“Having Eimskip here connecting us to these fairly close locations, I think we’re feeling more like a hub now,” says Dana Eidsness, director of the Maine North Atlantic Development Office (MENADO). “From this point forward I think there’s a recognition that Maine is a global player.”
With the commercial activity came a symbolic call to action as well.
Icelandic President Ólafur Ragnar Grímsson came to Portland in 2013, just after Eimskip had relocated, and said in a speech that "Iceland and Maine are strategically placed in this new global transportation system.”
"There is a new ocean opening on planet Earth," he added. "It's a reality, whether we like it or not."
The trade relationships aren’t huge for now. The goods Eimskip hauls range from frozen fish and dry goods to building materials and small silvery silicate rocks from the Faroe Islands used in steel smelting. The rocks cost a couple cents each.
But this trade can be vital for isolated and import-dependent nations like Greenland and the Faroe Islands, and it can also provide Maine something it has not enjoyed for decades: reliable markets for their niche and high-quality local products.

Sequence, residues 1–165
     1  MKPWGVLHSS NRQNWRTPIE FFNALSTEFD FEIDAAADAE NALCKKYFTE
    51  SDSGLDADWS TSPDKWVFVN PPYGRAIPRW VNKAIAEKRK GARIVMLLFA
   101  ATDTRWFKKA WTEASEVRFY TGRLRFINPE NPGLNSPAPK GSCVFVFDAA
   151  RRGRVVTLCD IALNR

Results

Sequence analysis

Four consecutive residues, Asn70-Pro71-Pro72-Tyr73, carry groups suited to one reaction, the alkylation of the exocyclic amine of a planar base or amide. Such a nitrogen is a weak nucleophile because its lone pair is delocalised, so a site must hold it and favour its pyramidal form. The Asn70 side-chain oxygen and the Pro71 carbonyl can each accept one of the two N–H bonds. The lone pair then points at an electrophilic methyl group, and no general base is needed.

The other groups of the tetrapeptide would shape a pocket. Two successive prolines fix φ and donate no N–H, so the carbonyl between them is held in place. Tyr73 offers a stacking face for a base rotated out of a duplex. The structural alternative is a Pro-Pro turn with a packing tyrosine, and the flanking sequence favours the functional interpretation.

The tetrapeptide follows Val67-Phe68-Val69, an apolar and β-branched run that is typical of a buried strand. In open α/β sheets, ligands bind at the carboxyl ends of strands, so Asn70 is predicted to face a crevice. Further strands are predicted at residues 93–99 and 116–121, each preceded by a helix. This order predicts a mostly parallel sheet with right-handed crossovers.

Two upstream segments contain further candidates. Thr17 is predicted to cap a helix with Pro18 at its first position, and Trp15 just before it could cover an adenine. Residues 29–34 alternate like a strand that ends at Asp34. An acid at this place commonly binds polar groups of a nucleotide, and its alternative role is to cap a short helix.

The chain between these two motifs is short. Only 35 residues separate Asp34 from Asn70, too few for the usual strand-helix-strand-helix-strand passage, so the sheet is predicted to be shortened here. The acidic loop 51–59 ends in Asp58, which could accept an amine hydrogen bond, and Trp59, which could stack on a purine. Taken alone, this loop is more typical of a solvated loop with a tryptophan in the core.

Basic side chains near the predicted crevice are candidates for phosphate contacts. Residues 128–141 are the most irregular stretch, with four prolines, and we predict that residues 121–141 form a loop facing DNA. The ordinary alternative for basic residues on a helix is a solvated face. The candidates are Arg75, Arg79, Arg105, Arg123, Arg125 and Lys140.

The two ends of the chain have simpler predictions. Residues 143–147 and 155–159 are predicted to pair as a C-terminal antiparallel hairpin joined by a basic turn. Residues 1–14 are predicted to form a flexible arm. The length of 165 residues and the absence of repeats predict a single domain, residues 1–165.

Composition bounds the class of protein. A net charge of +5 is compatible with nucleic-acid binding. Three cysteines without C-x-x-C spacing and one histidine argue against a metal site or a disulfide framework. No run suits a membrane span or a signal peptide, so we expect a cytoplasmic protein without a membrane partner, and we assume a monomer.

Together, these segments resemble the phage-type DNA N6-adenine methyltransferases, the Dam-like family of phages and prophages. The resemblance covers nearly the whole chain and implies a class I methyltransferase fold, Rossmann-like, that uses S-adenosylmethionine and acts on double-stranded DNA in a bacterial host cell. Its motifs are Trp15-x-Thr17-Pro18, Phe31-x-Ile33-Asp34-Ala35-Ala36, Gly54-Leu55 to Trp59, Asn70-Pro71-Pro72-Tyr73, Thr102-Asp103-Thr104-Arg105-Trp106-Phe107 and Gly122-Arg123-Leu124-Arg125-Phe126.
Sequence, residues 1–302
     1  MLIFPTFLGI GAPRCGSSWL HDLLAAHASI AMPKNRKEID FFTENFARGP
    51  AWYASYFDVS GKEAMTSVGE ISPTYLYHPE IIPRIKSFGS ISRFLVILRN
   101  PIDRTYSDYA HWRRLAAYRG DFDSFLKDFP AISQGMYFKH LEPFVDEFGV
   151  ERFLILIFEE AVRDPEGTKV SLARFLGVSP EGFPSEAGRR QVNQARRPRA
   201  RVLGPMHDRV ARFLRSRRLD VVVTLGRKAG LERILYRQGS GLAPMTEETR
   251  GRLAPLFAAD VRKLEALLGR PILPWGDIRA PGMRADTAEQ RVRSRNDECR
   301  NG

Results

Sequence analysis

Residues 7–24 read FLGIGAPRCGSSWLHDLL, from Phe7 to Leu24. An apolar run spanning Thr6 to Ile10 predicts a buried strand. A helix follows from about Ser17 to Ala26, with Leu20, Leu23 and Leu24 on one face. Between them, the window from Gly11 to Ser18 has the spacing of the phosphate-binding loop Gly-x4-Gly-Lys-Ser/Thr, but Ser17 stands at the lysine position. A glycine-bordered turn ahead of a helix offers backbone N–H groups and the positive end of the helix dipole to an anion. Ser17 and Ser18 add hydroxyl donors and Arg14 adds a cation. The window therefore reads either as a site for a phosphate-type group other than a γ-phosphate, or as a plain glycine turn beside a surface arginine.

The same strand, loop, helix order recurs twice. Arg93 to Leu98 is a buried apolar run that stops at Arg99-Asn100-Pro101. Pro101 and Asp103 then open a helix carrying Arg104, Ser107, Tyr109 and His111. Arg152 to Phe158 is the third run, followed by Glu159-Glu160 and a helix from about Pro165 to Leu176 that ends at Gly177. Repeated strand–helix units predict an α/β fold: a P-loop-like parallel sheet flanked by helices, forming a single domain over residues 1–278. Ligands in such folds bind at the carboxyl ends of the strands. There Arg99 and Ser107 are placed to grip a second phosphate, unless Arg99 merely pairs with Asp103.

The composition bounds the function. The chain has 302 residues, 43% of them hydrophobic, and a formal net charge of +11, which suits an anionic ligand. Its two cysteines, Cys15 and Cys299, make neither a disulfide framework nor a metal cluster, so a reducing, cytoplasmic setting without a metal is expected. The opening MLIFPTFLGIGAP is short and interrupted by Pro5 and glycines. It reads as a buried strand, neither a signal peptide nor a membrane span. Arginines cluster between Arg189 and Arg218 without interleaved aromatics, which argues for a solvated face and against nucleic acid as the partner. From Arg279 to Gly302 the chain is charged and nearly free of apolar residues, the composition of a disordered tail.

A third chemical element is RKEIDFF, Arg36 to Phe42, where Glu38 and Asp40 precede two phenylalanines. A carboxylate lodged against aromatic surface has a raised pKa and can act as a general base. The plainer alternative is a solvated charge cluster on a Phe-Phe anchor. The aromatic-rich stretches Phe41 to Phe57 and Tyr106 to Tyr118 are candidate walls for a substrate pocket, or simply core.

“Maine only has 1.3 million people. It doesn’t take a lot of new opportunities to really open some new doors for Maine businesses,” says Mr. Arnold at Portland’s marine terminal.
A rebirth for Eastport?
Just ask Captain Bob Peacock, who imports salmon from northern Norway once or twice a month via Eimskip.
As a resident of Eastport, a town at the northeastern-most point of Maine, he has much bigger hopes for Maine’s burgeoning northern connections. [Editor's note: This paragraph has been corrected by to remove an inaccurate time-zone reference for Eastport, which is on Eastern Standard Time.]
Those hopes are largely pinned on the increasingly accessible sea routes through the Arctic Ocean, particularly the Northwest Passage running from Alaska to the Atlantic. The extent of summer sea ice is still highly variable year by year, but the decades-long trend has been steadily down.